Substantive Protection under Investment Treaties provides the first systematic analysis of the consequences of the substantive protections that investment treaties provide to foreign investors. It proposes a new framework for identifying and evaluating the costs and benefits of differing levels of investment treaty protection, and uses this framework to evaluate the levels of protection for foreign investors implied by different interpretations of the fair and equitable treatment and indirect expropriation provisions of investment treaties. The author examines the arguments and assumptions of both supporters and critics of investment treaties, seeks to test whether they are coherent and borne out by evidence, and concludes that the 'economic' justifications for investment treaty protections are much weaker than is generally assumed. As such, the 'economic' objectives of investment treaties are not necessarily in tension with other 'non-economic' objectives. These findings have important implications for the drafting and interpretation of investment treaties.
Investment Under Uncertainty, Coalition Spillovers And Market Evolution In A Game Theoretic Perspective
Both economists and popular writers have once more run away with some fragments of reality they happened to grasp. Joseph A. Schumpeter, Capitalism, Socialism, and Democracy, 1942. 1. Rational Behaviour and Economics Never in the history of mankind has there been such unlimited belief intheabilitiesofthehumanmindasintheAgeofReasoninthe?rsthalf of the eighteenth century. The likes of Mozart, Goethe, and Rousseau ensured a new era of optimism and creativity in both the arts and the sciences. In mathematics, the theory of probability was re?ned and its laws were believed to be good descriptions of human reasoning and 1 decision making. The French Revolution was the logical conclusion of theAgeofReasonandEnlightenment. Italsobroughtaboutitspolitical and social downfall, ending in an age of terror; a victim of its own success. In the early nineteenth century, however, most ?elds of science abandoned many ideas from the era of Enlightenment. Nevertheless, in psychology and economics the probabilistic approach to describing a human being as a fully rational homo economicus remained popular as ever. 1 In Rousseau (1762, p. 97), for example, one ?nds: "Calculateurs, c'est maintenant votre a? aire; comptez, mesurez, comparez". 1 2 INVESTMENT, COALITION SPILLOVERS, AND EVOLUTION Most of contemporary economics still uses the axiom of rational e- nomic agents, where agents are believed to maximise expected utility. Expectations are often assumed to be based on objective probabilities. Expected utility with objective probabilities has been axiomatised by Von Neumann and Morgenstern (1944).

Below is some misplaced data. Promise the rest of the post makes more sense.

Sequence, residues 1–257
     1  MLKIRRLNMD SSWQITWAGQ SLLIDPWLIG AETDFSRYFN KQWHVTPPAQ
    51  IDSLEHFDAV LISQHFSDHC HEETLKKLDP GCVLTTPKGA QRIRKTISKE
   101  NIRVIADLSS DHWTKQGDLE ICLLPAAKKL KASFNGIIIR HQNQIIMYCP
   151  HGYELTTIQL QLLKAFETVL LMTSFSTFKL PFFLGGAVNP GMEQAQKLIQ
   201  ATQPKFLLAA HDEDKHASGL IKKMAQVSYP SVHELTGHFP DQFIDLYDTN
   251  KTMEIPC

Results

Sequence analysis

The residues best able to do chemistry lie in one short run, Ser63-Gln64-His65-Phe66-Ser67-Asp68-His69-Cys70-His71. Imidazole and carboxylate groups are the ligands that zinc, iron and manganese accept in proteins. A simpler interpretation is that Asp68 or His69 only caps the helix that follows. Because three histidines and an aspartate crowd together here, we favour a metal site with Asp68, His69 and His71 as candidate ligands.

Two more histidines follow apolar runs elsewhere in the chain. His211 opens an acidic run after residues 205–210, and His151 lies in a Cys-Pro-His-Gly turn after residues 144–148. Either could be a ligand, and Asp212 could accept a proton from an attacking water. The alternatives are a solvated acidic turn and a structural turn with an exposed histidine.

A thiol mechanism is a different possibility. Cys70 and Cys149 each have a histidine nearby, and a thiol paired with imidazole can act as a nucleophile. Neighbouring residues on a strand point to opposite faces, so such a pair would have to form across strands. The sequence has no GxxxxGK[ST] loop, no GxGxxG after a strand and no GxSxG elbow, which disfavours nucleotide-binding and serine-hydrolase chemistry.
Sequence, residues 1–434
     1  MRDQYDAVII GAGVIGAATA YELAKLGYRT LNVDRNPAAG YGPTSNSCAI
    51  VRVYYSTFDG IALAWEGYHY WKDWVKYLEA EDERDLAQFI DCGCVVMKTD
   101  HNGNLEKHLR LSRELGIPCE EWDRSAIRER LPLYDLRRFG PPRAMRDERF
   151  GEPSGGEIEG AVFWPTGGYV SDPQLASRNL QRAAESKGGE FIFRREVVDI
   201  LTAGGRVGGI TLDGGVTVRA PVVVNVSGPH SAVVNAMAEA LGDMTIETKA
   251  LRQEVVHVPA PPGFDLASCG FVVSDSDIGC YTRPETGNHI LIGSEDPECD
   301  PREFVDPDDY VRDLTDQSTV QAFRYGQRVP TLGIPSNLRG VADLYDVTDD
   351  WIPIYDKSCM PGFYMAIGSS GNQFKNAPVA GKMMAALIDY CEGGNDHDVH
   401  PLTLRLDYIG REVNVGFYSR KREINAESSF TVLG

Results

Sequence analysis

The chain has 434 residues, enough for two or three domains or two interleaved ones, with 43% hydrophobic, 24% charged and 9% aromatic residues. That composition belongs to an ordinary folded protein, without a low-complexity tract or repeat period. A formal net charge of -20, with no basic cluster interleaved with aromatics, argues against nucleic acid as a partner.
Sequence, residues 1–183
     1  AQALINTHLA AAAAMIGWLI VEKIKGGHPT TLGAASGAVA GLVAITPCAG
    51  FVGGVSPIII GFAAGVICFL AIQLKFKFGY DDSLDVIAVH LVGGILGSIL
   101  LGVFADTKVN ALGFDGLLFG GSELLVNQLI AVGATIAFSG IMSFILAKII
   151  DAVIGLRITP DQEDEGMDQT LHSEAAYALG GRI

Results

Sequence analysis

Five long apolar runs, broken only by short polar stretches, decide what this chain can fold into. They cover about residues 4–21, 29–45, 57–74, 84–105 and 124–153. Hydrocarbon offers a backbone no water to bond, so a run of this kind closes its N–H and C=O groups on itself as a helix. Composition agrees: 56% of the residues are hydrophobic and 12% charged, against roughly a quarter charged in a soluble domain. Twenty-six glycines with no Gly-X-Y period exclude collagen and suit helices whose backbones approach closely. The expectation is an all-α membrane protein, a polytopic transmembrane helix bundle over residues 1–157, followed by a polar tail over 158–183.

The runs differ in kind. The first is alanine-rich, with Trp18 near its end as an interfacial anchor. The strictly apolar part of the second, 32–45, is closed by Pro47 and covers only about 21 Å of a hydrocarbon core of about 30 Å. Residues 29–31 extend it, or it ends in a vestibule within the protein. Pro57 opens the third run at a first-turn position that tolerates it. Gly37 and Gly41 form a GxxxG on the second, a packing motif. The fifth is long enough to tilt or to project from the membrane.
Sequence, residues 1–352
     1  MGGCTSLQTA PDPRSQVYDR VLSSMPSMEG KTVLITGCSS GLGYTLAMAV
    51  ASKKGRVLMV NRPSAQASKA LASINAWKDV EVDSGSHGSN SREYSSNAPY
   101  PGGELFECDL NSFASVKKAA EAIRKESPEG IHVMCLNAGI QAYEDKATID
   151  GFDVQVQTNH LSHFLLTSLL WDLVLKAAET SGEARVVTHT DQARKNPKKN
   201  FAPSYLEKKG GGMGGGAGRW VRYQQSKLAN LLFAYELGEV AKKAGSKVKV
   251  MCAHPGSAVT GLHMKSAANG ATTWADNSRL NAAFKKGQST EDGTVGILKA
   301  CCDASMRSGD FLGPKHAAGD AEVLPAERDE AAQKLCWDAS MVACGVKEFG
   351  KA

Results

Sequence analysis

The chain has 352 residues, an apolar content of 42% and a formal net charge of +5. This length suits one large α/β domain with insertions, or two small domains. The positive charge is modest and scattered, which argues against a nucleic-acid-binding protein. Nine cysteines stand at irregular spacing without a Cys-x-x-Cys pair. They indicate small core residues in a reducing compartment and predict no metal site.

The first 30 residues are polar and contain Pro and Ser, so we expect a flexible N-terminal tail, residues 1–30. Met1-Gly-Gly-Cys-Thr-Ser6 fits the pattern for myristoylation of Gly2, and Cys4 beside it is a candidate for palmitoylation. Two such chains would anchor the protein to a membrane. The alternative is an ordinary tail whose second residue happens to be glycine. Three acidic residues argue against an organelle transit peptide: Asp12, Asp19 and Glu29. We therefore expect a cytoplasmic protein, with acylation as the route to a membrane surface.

The importance of property as an investment medium continues to grow. Investors in property or those involved with the provision of expert advice to investors have had to improve the effectiveness and efficiency of their decision making. The aim of this book is to lay down the theoretical foundations of investment decision making, incorporating the techniques and procedures of modern management science, so that particular decisions regarding property investment can be made efficiently and rationally.
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